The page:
Today we want to show all of you a really important initiative for Aberdeen and the North of Scotland, that mixes sport, cultural diversity and integration: the activity of the Aberdeen F.C. Community Trust (AFCCT)!
As you can imagine, AFCCT use football as a tool for integration and inclusion. “Football is a global language that has historically been shown to have the power to bring people of multiple nations, ethnicities and religious together,” says Harley Hamdani, Diversity & Inclusion Officer.
Syrian Dons programme.
Thus, AFCCT are working towards this in the North East of Scotland, by increasing awareness and accessibility to ongoing projects as well as new initiatives specifically developed to engage with more diverse community groups.
One of their most successful projects is the Syrian Dons programme, started as a result of many Syrian refugees re-settling into Aberdeen and the surrounding area, in partnership with schools and the local authority. In this programme, “young Syrian learners attend one session of football per week as part of their school timetable. This allows for language development, and crucial interaction with peers, outside of a classroom environment.
One of the teams of the First Multicultural Football Tournament.
Other very important initiative was the First Multicultural Football Tournament, in partnership with the Aberdeen Multicultural Centre. The event, held at Aberdeen Sports Village, counted with 12 teams in 7 aside matches with more than 130 participants of over 25 nationalities! Some communities taking part included Bangladeshi, Turkish, Middle-Eastern, Polish, Nigerian and Moroccan. The Celebration was very successful and they are “already looking forward to an even bigger and better tournament next year!”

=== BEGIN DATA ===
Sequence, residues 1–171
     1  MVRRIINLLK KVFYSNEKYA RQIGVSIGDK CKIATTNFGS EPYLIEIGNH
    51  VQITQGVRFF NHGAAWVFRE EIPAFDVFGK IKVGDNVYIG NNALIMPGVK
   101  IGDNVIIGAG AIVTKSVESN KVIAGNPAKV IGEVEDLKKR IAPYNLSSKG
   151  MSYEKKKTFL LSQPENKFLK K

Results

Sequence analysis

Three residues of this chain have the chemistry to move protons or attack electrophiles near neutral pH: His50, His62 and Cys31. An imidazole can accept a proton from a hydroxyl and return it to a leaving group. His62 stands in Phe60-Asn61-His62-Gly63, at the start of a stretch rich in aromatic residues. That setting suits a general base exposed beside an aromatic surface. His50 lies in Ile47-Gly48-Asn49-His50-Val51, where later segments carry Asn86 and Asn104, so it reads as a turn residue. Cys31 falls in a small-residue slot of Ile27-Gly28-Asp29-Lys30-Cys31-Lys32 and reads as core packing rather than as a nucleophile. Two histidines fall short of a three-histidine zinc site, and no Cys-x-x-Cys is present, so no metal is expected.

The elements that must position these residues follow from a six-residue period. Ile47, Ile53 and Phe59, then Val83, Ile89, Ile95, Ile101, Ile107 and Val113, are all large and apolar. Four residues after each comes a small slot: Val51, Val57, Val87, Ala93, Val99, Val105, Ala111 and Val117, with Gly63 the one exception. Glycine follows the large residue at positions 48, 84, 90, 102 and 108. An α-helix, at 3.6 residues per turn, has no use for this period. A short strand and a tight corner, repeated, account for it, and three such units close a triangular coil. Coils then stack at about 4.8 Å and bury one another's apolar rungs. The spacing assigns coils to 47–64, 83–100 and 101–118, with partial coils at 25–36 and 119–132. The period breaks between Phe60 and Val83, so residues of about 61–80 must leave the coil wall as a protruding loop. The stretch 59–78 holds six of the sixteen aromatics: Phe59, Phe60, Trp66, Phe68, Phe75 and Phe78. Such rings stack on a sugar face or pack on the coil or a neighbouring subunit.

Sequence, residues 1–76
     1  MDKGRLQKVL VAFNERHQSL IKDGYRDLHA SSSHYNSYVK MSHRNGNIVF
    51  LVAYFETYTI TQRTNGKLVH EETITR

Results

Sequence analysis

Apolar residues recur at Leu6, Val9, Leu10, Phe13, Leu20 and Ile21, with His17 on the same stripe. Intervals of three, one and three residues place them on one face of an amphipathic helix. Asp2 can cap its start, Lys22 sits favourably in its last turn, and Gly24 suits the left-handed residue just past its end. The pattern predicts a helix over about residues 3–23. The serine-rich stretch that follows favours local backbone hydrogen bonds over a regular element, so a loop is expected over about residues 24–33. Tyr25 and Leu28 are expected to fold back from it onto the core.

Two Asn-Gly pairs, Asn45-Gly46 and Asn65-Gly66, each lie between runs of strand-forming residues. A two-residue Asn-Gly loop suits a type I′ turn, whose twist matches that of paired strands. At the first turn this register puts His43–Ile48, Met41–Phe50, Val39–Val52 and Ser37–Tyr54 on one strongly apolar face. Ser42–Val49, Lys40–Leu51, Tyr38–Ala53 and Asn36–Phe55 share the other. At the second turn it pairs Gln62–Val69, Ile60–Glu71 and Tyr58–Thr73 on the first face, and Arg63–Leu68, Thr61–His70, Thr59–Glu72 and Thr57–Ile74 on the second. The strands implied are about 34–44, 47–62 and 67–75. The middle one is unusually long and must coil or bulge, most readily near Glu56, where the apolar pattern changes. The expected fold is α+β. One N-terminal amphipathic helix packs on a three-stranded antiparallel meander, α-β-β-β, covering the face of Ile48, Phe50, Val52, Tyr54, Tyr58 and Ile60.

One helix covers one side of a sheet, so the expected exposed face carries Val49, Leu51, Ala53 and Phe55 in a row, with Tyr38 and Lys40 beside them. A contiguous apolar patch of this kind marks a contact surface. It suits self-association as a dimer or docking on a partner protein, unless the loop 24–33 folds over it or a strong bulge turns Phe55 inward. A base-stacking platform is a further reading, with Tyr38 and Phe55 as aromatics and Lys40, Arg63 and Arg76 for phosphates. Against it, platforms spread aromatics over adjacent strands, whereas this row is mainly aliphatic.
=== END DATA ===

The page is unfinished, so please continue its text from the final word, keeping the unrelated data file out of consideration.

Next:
Also, AFCCT are always working to develop young volunteers and coaches. Over the past couple years, the Coach Development project has trained a high number of young people from diverse backgrounds who have joined the Community Trust as a volunteer or coach, with many supported through coach education courses.
Another programme is Free to Play Participation Centres, running in partnership with community groups, local authorities, religious centres, and grassroots clubs. Here, AFCCT hold weekly free to play football centres in a bid to bridge the gap between non-organised football (or no football) and the Scottish FA’s player pathway. These centres are the first step in engaging with ethnic and religious minority groups, the eventual goal being to integrate within local teams and clubs.
Making a difference
The result of all these activities has been tremendously positive for the community, and some of its outcomes include:
- Increased awareness, accessibility, and participation within grassroots football for ethnic and religious minority groups.
- Increased inclusion and integration in society through sport.
- Greater sense of belonging for diverse community groups.
- Higher level of diversity in local teams/clubs.
- Increase in attendance of minority groups to Aberdeen FC matches.
As Harley points out, “Aberdeen is extremely diverse due to the main industries of the city, and this should be celebrated.” “There are many aspects of different cultures that can be taken into our everyday life, but this cannot be achieved without an open mind and understanding of both the real and perceived barriers that may exist to diverse community groups.”
For this reason, organisations such as the AFCCT, Aberdeen Multicultural Centre, or AIYF are essential to ensure that diversity exists in all areas of our community.
We hope this post made you interested and aware of the activities of one of the organisations that is doing more to ensure the diversity in Aberdeen. And, of course, just remind you that you should not miss our Aberdeen Mela – One World Day 2017, on 30th of July in Westburn Park. See you all there!